Just got to know that Google has came up with an handwriting recognition app – Google Handwriting Input.
And the good part is it has got Indian language support. Yay!!
But the bad part is that, it means the demise of my very own Thulika Keyboard. I had created it about 2 years back, and at that time there was no handwriting recognition app for any Indian language. I also had opensourced it, and have got requests from many to translate it to their language(Arabic, Hausa, Tamil to name a few) and some even have used it as part of their school/college projects.
RIP Thulika Keyboard, it was pleasure to have you around(it’s still out there, so you can download it and play with it, but with Google’s new app, mine seems a bit primitive 😦 ).
Google’s new app is awesome though, it recognises full words (mine could only do a letter at a time), and speaking about recognition, its very good at that.
So, here is me(Thulika), the old out dated tech giving way for the new stylish Google app 😉
After what seemed like a long wait, I finally got my own Nexus7 2nd generation. Am now playing with the device and the first impression is IT IS AWESOME!
A good friend of mine asked her family who was flying down from the US to get it for me.
The device landed last week but I got my hands on it only today as I was on a vacation last week. So at last here is my Nexus 7(courtesy: Ms.Shaniyaji and her family :P)
Am writing this post from my new Nexus 7 🙂
It’s sleek, not so large and not so small. The OpenGL ES 3 capability should make it a graphic powerhouse – just ideal for my experiments with Android!
Today I was scanning through Malayala Manorama and then I saw an article which mentions my Thulika Kayboard.
The article appears in Malayala Manorama of 14th August 2013 (Padippura section). I saw it in Thiruvananthapuram edition and don’t know whether other editions have it.
Here is the article:
I just opensourced the Thulika Keyboard app and the associated training softwares. Find it here on Github
The developer of Encog library, Jeff Heaton, tweeted about my first Android app – Thulika Keyboard
Download the app from PlayStore
Find the source on Github
I have got Asianet Broadband connection and they require me to log in inorder to have an internet connection. In Android whenever I log in, Android keeps the browser app alive only for about 15 minutes. So I used to get logged out frequently. I was fed up of this, and because of a Developer’s itch, I developed an Android app – Immortal Login. It is a very simple app and took only about 2 hours to create it completely. The app have got a web view using which the user can log in to a site. Then upon the pressing of a Start button, my activity starts a service. Since the activity has got a service, the app will not be killed by the Android system (at least it’ll try not to kill the app :)). Taadaa thats it.. you have got an Immortal Login app. Now there is no hassle of frequent log outs!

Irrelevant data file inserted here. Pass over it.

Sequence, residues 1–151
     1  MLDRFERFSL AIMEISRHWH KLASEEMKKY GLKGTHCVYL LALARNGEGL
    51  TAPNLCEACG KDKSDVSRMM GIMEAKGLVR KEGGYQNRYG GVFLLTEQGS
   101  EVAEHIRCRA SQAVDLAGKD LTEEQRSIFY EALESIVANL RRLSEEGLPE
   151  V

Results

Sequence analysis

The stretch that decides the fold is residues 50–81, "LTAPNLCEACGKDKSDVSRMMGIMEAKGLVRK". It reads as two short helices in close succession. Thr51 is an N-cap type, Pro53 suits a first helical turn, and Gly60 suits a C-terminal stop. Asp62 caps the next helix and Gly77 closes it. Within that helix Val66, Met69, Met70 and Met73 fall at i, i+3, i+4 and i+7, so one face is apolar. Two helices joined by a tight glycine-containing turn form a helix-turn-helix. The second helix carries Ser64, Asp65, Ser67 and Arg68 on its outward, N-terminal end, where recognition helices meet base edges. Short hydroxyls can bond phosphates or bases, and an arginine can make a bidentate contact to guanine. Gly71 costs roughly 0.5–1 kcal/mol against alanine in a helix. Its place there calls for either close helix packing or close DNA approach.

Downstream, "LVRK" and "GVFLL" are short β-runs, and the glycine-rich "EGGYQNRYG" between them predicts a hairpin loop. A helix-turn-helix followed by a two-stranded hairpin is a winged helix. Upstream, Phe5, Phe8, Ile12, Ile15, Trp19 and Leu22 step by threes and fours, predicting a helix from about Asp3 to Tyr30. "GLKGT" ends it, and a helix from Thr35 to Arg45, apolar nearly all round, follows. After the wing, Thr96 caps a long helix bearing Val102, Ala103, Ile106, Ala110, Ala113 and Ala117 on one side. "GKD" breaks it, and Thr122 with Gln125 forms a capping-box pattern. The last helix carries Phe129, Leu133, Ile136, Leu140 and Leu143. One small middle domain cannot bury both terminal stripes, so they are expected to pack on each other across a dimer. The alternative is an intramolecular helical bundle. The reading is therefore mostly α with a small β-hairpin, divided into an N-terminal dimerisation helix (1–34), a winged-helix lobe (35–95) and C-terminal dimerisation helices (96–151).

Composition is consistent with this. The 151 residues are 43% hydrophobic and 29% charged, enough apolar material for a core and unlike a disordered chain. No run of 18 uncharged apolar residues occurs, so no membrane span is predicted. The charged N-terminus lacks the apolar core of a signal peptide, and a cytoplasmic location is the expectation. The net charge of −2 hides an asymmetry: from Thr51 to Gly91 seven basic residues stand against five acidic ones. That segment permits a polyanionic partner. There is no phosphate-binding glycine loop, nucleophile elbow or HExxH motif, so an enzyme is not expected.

The app works with any ISP site. Also it need not be an ISP website, it can be any site which you want to keep alive so as not to get logged out 🙂
The app is currently used by me and my friends who use this ISP. I have also got downloads and positive comments from users who use BSNL connection.
Download the app from PlayStore
On January 6th early morning(at about 3 AM), I created my Google Developer account, and published my first Android app – Thulika Keyboard – in the Play Store.
Thulika Keyboard is a Handwriting recognition keyboard. It is the first app that brings handwriting recognition to an Indian Language(Malayalam for the time being!). User writes a single symbol, the app recognizes it and may give a possible list of suggestions. Writing a keyboard for a language like Malayalam is not quite simple as Malayalam has a complex script compared to Latin languages. Some symbols may have more than one Unicode letters to accompany it. And in some cases more than one symbols make up a single Unicode letter!
Thulika uses machine learning/AI technique called SOM (Self Organising Map) using the library Encog. Encog is a great library and is quite easy to use. I have trained it using the handwriting of my own and some of my friends. I started writing the app in October, took a break for nearly 2 weeks in November end, and the app was completed by mid-December. Then I took it lazily, and waited till January to make some final polishes and then published it 🙂
The entire application consists of Thulika Keyboard (the actual keyboard for end user), ThulikaTrainer (an Android app that helps in gathering user handwritings for a particular language) and ThulikaMaker (a Java application that helps in providing additional details required for the keyboard and also creates the language recognition engine). Anyone can easily help me in adding new languages for the Thulika Keyboard. Read this post to understand how.